- A Brief Introduction to the Movement
- To Stay or To Go?: The National Emigration Convention of 1854
- The 1853 Manual Labor College Initiative
- Bishop Henry McNeal Turner
- Mobility, Migration, and the 1855 Philadelphia National Convention
- Henry Highland Garnet's "Address"
- What Did They Eat? Where Did They Stay?
- Black Wealth and the 1843 Convention
- Black Women's Economic Power
- The First National Convention
- The "Conventions" of the Conventions: Political Rituals
- A National Press? The 1847 National Convention and the North Star
- Equality Before the Law: California Black Convention Activism, 1855-65
- Conflict on the Ohio: The 1858 Convention in Cincinnati
- The Post-Bellum Conventions Movement and the Emigration Debate
- Conventions by City
- National Conventions
- Women Delegates
- Women in the Conventions
- Convention Hosts by Denomination
- Conventions by Level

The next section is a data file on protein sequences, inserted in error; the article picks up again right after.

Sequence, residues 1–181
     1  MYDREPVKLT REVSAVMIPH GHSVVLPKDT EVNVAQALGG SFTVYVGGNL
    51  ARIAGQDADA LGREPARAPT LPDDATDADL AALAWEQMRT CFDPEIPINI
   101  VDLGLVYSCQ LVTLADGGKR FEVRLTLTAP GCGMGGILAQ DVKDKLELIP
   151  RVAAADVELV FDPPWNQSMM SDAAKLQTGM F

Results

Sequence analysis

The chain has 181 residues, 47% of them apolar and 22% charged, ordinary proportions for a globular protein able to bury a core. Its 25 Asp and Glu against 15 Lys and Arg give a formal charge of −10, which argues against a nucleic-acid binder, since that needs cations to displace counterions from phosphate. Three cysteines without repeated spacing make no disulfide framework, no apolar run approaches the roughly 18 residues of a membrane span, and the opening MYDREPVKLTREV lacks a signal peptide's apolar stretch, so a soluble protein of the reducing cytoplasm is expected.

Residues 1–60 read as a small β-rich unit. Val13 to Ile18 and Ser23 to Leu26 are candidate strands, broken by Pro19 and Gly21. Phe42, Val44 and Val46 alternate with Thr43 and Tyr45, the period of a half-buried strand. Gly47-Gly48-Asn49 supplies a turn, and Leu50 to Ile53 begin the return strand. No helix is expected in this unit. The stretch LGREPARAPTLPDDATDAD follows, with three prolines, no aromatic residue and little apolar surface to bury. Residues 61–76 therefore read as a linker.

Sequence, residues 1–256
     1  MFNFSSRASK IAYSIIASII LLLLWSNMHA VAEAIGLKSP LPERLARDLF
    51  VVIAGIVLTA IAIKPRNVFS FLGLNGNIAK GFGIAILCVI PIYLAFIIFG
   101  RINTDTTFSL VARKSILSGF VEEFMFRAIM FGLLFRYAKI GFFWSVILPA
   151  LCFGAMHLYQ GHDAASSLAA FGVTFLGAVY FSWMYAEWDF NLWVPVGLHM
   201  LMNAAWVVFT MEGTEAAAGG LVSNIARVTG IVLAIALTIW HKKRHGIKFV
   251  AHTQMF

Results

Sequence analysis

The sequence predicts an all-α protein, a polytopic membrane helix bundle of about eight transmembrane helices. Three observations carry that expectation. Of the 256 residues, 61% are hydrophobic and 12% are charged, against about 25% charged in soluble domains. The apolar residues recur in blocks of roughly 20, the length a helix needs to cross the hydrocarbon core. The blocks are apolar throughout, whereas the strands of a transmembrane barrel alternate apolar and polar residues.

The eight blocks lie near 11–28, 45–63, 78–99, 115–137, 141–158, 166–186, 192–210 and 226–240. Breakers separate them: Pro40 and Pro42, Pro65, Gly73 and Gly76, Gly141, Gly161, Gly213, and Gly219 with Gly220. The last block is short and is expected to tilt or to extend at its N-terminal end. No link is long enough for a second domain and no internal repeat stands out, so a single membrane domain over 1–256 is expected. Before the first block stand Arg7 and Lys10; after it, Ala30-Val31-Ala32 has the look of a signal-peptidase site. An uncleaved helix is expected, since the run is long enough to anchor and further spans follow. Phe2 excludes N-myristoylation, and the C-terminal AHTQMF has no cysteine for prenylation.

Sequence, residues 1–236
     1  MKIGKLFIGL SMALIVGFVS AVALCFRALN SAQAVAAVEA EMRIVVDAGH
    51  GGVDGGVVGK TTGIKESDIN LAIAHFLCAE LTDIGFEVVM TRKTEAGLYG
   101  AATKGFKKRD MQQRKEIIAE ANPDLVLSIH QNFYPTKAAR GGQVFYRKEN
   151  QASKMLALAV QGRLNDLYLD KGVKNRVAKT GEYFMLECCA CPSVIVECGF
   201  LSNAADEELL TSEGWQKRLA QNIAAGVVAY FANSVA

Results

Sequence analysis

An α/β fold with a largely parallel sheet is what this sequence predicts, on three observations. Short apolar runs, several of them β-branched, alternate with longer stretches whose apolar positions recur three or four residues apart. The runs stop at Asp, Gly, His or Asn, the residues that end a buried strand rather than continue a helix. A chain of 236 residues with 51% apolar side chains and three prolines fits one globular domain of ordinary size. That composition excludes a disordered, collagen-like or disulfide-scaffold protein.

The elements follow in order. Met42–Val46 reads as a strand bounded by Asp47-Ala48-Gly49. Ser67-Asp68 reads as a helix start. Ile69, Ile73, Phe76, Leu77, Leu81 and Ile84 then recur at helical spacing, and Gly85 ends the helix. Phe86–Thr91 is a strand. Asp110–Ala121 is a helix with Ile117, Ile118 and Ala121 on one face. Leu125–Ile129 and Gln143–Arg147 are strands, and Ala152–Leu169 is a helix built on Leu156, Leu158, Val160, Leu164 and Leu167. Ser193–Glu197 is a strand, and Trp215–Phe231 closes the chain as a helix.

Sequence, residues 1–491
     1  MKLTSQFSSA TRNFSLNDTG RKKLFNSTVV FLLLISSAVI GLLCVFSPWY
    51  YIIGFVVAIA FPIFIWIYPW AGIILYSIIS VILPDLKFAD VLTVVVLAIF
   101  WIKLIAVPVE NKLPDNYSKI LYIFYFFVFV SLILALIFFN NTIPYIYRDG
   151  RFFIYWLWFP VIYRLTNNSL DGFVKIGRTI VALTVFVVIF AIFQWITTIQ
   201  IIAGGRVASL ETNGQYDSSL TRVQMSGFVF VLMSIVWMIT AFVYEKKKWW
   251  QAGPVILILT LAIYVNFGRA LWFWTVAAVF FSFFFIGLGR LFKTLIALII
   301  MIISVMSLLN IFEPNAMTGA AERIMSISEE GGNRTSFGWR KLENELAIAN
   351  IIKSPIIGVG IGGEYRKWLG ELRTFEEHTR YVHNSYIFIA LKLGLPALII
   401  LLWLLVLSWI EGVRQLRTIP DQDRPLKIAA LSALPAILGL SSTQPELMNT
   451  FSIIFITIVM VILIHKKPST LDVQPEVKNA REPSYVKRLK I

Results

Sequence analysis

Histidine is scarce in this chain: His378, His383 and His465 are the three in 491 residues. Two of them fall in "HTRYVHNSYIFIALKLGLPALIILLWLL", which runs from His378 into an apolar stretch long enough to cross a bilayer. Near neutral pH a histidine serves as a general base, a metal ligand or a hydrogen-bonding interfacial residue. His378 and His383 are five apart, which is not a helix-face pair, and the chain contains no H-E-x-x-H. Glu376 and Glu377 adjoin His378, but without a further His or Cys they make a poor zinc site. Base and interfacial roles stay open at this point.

- Clusters of Conventions
- Colored Conventions in Canada
- Women in the Conventions | March 8, 2017
- Douglass Day
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The four California State Conventions for Colored Citizens held between 1855 and 1865 relied on news coverage to spread the word about convention activism to multiple publics. East Coast Black and abolitionist newspapers, in particular, carried correspondence from convention delegates like William Newby that praised the civic energy and "intellectual excellence" of the convention participants. Several of the California State Conventions also praised white newspapers that reported convention proceedings in a manner they judged to be fair and unbiased. For more on the relationship between the press and the Colored Conventions, see "Advocate Our Own Cause": Black Newspapers in California in the section below on Nineteenth-Century Black California Political Organizing.
Use the storymap below to read the news coverage on California Colored Conventions.